Because and have zero mean and unit variance, and are simple linear regression coefficients of r given and s given , respectively. Thus, and can be viewed as linear approximations of the negative gradients and the update in steps 2iii and 2iv proceeds along the steepest of these approximated negative gradients (Bühlmann and Hothorn 2007).

If mstop is selected to be very large, the estimated coefficients β and approximate the maximum likelihood estimates from the model in the previous subsection. When choosing a smaller mstop the likelihood for the training data has not reached its maximum. However, overfitting is prevented with unimportant variables having zero coefficients so that the predictive performance might be improved. To get the best predictive performance an appropriate mstop has to be found. This is achieved by optimizing the cross-validated log-likelihood. The data is split into 10 parts and for each part, predictions are computed from nonhomogeneous boosting models that were fitted on the remaining 9 parts. This is done for different mstops from 1 to a rather high resulting in different predictions for each event in the dataset. The quantity mstop is then set to the mstop with the smallest negative log-likelihood sum over all events.

In addition to automatically selecting the most important input variables, boosting also regularizes the nonzero coefficients (i.e., the coefficients are shrunk compared to their maximum-likelihood values). Hastie et al. (2013) showed that this regularization is similar to that of the absolute shrinkage and selection operator (LASSO; Tibshirani 1994) and also helps to reduce overfitting, especially for highly correlated input variables.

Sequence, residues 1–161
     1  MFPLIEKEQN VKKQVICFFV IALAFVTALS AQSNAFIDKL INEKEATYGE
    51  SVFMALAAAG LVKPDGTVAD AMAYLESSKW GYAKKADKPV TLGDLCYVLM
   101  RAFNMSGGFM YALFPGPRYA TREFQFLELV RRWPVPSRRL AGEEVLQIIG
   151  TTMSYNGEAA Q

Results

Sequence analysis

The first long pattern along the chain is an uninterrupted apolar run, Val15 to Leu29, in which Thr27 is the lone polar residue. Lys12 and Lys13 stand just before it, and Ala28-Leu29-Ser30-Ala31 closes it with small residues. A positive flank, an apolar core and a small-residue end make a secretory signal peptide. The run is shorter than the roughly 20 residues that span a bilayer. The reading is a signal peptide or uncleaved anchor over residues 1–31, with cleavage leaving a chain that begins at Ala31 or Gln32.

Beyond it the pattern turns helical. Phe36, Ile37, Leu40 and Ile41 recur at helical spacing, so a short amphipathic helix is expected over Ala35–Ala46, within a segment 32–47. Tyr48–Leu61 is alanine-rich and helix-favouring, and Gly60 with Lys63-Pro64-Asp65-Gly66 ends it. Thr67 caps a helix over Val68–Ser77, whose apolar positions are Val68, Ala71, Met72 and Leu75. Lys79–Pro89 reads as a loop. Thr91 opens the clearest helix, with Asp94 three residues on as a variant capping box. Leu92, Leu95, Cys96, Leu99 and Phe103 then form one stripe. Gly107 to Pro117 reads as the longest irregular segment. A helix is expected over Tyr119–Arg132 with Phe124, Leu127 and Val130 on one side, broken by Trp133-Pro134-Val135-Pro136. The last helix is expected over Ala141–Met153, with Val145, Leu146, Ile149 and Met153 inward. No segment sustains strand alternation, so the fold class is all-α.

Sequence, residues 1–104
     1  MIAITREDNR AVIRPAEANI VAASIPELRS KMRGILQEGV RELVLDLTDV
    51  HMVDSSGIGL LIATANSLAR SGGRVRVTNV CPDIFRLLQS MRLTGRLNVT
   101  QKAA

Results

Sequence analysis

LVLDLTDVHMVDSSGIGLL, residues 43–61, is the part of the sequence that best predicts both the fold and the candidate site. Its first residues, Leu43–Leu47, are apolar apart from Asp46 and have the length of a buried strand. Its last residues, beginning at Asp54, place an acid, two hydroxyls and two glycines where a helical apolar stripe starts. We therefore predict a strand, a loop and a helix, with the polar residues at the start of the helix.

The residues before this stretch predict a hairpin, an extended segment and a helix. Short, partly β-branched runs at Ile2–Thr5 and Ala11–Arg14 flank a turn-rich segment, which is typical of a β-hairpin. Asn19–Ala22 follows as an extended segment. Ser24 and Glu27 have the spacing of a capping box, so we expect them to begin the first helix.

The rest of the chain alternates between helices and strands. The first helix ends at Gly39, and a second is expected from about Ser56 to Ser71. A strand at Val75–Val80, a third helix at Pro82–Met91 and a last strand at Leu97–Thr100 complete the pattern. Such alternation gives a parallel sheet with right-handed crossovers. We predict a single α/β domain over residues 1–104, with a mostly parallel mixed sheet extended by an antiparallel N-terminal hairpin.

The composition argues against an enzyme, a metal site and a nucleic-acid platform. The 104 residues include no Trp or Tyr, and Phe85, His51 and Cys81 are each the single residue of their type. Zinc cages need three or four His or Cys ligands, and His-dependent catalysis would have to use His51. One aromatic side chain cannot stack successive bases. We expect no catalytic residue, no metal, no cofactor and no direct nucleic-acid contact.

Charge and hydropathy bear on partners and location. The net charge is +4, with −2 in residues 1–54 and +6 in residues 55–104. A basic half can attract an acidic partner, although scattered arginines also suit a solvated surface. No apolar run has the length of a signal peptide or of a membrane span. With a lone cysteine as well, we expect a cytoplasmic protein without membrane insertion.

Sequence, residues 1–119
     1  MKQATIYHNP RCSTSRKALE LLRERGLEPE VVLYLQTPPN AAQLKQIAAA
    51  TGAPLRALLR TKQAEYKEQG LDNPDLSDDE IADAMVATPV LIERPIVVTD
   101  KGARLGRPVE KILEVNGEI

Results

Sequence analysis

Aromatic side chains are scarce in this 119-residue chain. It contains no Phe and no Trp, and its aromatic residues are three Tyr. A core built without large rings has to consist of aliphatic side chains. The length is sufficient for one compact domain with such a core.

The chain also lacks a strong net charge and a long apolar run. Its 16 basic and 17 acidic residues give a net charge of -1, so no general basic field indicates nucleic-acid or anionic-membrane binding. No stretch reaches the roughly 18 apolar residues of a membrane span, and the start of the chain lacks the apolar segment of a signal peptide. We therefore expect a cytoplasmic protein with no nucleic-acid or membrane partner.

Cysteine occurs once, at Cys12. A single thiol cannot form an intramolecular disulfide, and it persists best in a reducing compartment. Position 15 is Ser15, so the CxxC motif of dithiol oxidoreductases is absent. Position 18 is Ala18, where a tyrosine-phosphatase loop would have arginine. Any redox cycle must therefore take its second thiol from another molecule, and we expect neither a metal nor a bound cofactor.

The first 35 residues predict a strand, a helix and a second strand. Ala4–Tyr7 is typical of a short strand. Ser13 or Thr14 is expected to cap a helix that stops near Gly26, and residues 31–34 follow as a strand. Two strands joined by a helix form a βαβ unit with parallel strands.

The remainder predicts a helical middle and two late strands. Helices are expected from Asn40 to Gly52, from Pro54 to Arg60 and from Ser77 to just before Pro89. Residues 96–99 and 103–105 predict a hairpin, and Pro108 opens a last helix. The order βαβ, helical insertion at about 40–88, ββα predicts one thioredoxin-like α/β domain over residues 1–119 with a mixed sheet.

In the following we investigate nonhomogeneous Gaussian boosting (NGB) in a case study and compare its performance with that of NGR with only the ensemble forecast of the predictand variable as input. To assess the influence of the regularization in boosting, we also compare a further NGR model with the subset of input variables that were selected by boosting.

3. Data

This section describes the data that are used for the case study in the following section. We considered minimum and maximum temperatures at the five central European SYNOP stations: Wien Schwechat (48.110°N, 16.570°E), Innsbruck Airport (47.260°N, 11.357°E), Berlin Tegel (52.566°N, 13.311°E), Leipzig Halle (51.436°N, 12.241°E), and Zürich Kloten (47.480°N, 8.536°E). Minimum temperatures are for periods between 1800 and 0600 UTC, and maximum temperatures between 0600 and 1800 UTC.

As numerical predictions we employed the 51-member ensemble predictions from the ECMWF. In addition to the direct forecast of minimum and maximum temperatures, we used various predictions for different parameters (e.g., temperatures, wind, precipitation) from the surface level and pressure levels at 1000, 850, 700, and 500 hPa. The regarded 12-h time windows (1800–0600 or 0600–1800 UTC) span several (3 h) time steps of the ECMWF model. For accumulated quantities (e.g., precipitation) we simply employed the accumulated values over the regarded 12-h time window. For other quantities (e.g., temperatures) we computed means, maxima, and minima over the regarded time windows for each parameter and member, respectively.

Subsequently ensemble means and log standard deviations were derived. The logarithm of the ensemble standard deviations is used to be consistent with the log scale that is modeled in Eq. (3). Zero standard deviations sometimes occur for variables with a limited range such as precipitation. These variables are almost never selected by our models, but to avoid infinite numbers, we set standard deviations that are 0 to a very small value (0.0001).